What to watch for on defense: Lots of different formations to help out the pass defense. The offense got most of the attention under O’Brien, but his defenses – outside of a few midseason problems with Indiana, Michigan and Ohio State last year – were solid and did a great job against the run. The secondary struggled despite the help of a decent pass rush, and now expect defensive coordinator Bob Shoop to use more nickel and dime packages to help the cause. The Nittany Lions will continue to roll with the base 4-3 like they did under O’Brien, but Shoop will get creative. There’s enough returning experience at defensive back to hope for an improvement, and the ends and pass rush could turn into a strength early on.

The team will be far better if… the offense can convert a third down chance. It wasn’t an issue in 2012, converting 42.5% of the time. With a great quarterback like Hackenberg and a fantastic offensive coach like O’Brien, you’d think moving the chains wouldn’t have been a problem. Instead, the offense stalled way, way too often converting just 34% of the time and not going on enough long drives. It didn’t matter early in the season in wins over Syracuse and Eastern Michigan, converting just 2-of-16 chances, but it proved costly in the loss to UCF and was a massive problem in losses to Minnesota and Nebraska, converting just 3-of-23 chances. It was too tempting to take shots down the field to Robinson, but Hackenberg misfired a bit too often – for all his talent, he was a true freshman – and the offense simply failed to click at times.

The Schedule: Will the Nittany Lions be able to kick off the James Franklin era with a revenge win against UCF? If so, they’ll have to do it in Dublin, Ireland, and then they come back for what should be an easy win over Akron. The team isn’t exactly stretching itself with UMass on the slate and the annual win over Temple coming in mid-November.

The Big Ten schedule starts out with a trip to Rutgers in what could seem like a Penn State home game, and Northwestern starts out the official conference home run before getting a week off to prepare for Michigan. The Wolverines and Ohio State might come up back-to-back, but there’s a bye week before facing each team. The problem is that there aren’t any more breaks, playing six straight games to close out the year with Michigan State to finish things up. However, there’s a winnable November stretch of Maryland, at Indiana, Temple and at Illinois.

Best offensive player: Sophomore QB Christian Hackenberg. He still needs some fine-tuning, and he threw a few too many interceptions, but it’s all there. He might not have been a top 15 pick if available in this year’s draft, but with a few more at-bats he could quickly become the must-have No. 1 overall pick in 2015 with his 6-3, 220-pound size, mobility and next-level arm. Now he has to be the type of star who makes everyone around him better. He showed against Wisconsin in the season finale that he could be truly special against a top team, and even without Robinson to throw to, he’ll come up with several more great performances this year.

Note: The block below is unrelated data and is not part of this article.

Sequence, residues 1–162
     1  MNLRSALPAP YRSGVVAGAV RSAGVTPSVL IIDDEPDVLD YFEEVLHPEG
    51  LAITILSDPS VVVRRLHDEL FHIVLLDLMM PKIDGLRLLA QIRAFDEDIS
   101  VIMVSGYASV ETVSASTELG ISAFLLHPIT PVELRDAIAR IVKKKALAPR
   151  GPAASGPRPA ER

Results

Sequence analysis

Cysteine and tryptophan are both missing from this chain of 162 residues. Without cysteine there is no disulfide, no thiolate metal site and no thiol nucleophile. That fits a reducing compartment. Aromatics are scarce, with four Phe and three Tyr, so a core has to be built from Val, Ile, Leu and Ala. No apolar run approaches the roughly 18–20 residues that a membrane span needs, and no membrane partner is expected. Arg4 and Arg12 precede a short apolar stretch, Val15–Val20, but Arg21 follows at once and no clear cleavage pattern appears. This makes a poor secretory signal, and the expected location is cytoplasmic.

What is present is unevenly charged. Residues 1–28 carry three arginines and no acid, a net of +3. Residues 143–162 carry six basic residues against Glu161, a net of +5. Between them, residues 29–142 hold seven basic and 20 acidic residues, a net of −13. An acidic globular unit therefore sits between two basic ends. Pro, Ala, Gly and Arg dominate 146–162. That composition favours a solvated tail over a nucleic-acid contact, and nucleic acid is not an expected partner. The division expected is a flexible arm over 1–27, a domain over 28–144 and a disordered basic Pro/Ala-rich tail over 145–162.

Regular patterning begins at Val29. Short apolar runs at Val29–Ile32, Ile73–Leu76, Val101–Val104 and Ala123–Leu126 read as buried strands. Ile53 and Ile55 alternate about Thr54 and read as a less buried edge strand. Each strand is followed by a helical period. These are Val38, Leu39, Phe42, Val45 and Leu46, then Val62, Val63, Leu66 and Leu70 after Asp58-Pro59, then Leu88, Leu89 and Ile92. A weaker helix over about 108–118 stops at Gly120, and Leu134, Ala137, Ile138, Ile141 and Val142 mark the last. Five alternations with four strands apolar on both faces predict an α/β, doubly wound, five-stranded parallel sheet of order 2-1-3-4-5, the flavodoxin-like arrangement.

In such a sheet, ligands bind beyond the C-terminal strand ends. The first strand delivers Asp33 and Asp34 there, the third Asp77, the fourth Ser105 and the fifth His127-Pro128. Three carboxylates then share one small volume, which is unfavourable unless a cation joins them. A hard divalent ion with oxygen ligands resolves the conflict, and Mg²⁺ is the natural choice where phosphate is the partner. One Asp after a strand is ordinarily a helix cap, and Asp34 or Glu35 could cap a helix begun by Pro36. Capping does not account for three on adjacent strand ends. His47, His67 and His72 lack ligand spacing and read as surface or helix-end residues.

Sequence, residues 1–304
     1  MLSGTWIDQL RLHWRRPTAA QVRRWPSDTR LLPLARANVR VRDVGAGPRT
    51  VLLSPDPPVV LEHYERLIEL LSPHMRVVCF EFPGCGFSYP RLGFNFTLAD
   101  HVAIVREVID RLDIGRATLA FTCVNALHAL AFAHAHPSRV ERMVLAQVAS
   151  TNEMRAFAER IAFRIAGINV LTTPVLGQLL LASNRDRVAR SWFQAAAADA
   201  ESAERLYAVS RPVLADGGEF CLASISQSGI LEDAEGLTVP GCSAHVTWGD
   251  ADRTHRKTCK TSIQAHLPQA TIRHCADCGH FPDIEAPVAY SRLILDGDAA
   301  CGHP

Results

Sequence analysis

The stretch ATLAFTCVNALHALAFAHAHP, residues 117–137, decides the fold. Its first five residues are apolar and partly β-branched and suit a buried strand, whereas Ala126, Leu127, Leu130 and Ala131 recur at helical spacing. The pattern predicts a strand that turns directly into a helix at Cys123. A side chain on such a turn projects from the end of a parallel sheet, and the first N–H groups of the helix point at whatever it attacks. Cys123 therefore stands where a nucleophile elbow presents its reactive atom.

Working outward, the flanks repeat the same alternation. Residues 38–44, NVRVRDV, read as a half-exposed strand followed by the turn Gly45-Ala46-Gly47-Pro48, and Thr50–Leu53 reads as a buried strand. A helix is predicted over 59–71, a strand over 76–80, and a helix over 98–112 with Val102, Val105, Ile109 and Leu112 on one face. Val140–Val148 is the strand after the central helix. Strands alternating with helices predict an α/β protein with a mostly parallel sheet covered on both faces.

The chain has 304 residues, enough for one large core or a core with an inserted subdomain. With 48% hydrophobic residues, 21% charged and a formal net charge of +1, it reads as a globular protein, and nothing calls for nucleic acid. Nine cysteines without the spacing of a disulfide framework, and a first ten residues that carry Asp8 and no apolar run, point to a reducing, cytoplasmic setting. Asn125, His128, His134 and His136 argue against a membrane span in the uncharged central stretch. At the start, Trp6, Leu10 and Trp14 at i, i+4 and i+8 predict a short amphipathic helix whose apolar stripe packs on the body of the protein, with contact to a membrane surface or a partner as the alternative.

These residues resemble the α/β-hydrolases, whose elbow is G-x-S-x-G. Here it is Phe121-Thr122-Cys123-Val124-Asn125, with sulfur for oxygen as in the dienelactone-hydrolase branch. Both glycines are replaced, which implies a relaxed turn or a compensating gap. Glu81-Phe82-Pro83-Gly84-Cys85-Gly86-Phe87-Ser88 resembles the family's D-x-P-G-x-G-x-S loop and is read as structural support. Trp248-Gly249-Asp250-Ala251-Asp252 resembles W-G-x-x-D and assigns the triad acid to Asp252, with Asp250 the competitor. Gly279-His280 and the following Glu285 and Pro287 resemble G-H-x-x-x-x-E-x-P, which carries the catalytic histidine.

Best defensive player: Junior CB Jordan Lucas. Considering the problems with the secondary last year, it’s not a bad thing that two of the best returning players are at corner with Lucas and Adrian Amos two of the team’s leaders. The end tandem of C.J. Olaniyan and Deion Barnes need to rise up and do even more as pass rushers to help out the defensive backs, and linebacker Mike Hull could turn out to be a statistical superstar, but it’s Lucas who returns as one of the Big Ten’s best all-around defensive backs after doing a great job as an open-field tackler and defending 16 passes with three picks.

Key players to a successful season: Junior OT Donovan Smith. The line was one of the keys to the transition to the O’Brien era a few years ago and was one of the team’s biggest strengths last season, but Adam Gress and John Urschel are gone on the right side and center Ty Howle is done. The hope was for veterans on the left side to be anchors to work around, but guard Mile Dieffenbach is gone for the year with a knee injury. That leaves Smith as the lone returning starter, and he’s a good one. Finding the starting five is going to be tough enough, and the lack of depth could be a disaster. Smith has to be an all-star.

The season will be a success if ... the Nittany Lions flirt with nine wins. Seven wins would make for a more realistic goal, but Franklin isn’t about shooting low. Depth issues and offensive line concerns should be a bit too much to overcome, but the program has dealt with bigger problems over the last two years. The schedule just isn’t that bad, and even if Michigan, Ohio State and Michigan State turn out to be losses, there’s a chance to be favored in every other game. If there’s an upset win over one of the division’s big three, it could be a special year going into 2015.

Key game: Nov. 11 at Michigan. If everything comes together in a hurry, and all the holes are filled at receiver and on the offensive line right away, the Nittany Lions can reasonably hope to beat UCF, Akron, Rutgers, UMass and Northwestern. Just because Ohio State and Michigan State come to Happy Valley, that doesn’t necessarily mean they’ll cower, but at least those two showdowns are at home. After losing an overtime heartbreaker to the Wolverines last year, if Penn State can come up with the road victory this season, it could be 6-0 going into the Ohio State game.

2013 Fun Stats:
- Third Quarter Scoring: 68 – Fourth Quarter Scoring: 106
- Penalties: Opponents 72 for 638 yards – Penn State 55 for 403 yards
- Fourth Down Conversions: Penn State 13-of-24 (54%) – Opponents 6-of-14 (43%)

- 2014 Penn State Preview - What You Need To Know & Top Players